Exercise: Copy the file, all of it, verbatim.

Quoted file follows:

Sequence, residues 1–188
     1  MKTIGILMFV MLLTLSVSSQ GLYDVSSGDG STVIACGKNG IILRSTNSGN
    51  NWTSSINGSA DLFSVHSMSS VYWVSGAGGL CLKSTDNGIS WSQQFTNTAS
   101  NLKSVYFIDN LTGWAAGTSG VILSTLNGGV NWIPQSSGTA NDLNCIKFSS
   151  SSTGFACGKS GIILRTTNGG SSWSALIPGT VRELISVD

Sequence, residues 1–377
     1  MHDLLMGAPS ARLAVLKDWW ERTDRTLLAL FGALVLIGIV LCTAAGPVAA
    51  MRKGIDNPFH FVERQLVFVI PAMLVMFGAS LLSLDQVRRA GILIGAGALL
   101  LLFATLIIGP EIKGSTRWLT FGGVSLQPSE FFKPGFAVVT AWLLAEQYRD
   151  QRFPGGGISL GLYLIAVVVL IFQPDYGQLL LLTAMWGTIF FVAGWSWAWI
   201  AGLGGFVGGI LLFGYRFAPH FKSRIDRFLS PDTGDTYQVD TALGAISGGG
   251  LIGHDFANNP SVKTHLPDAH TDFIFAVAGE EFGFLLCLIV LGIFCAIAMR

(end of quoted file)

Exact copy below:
Sequence, residues 1–188
     1  MKTIGILMFV MLLTLSVSSQ GLYDVSSGDG STVIACGKNG IILRSTNSGN
    51  NWTSSINGSA DLFSVHSMSS VYWVSGAGGL CLKSTDNGIS WSQQFTNTAS
   101  NLKSVYFIDN LTGWAAGTSG VILSTLNGGV NWIPQSSGTA NDLNCIKFSS
   151  SSTGFACGKS GIILRTTNGG SSWSALIPGT VRELISVD

Sequence, residues 1–377
     1  MHDLLMGAPS ARLAVLKDWW ERTDRTLLAL FGALVLIGIV LCTAAGPVAA
    51  MRKGIDNPFH FVERQLVFVI PAMLVMFGAS LLSLDQVRRA GILIGAGALL
   101  LLFATLIIGP EIKGSTRWLT FGGVSLQPSE FFKPGFAVVT AWLLAEQYRD
   151  QRFPGGGISL GLYLIAVVVL IFQPDYGQLL LLTAMWGTIF FVAGWSWAWI
   201  AGLGGFVGGI LLFGYRFAPH FKSRIDRFLS PDTGDTYQVD TALGAISGGG
   251  LIGHDFANNP SVKTHLPDAH TDFIFAVAGE EFGFLLCLIV LGIFCAIAMR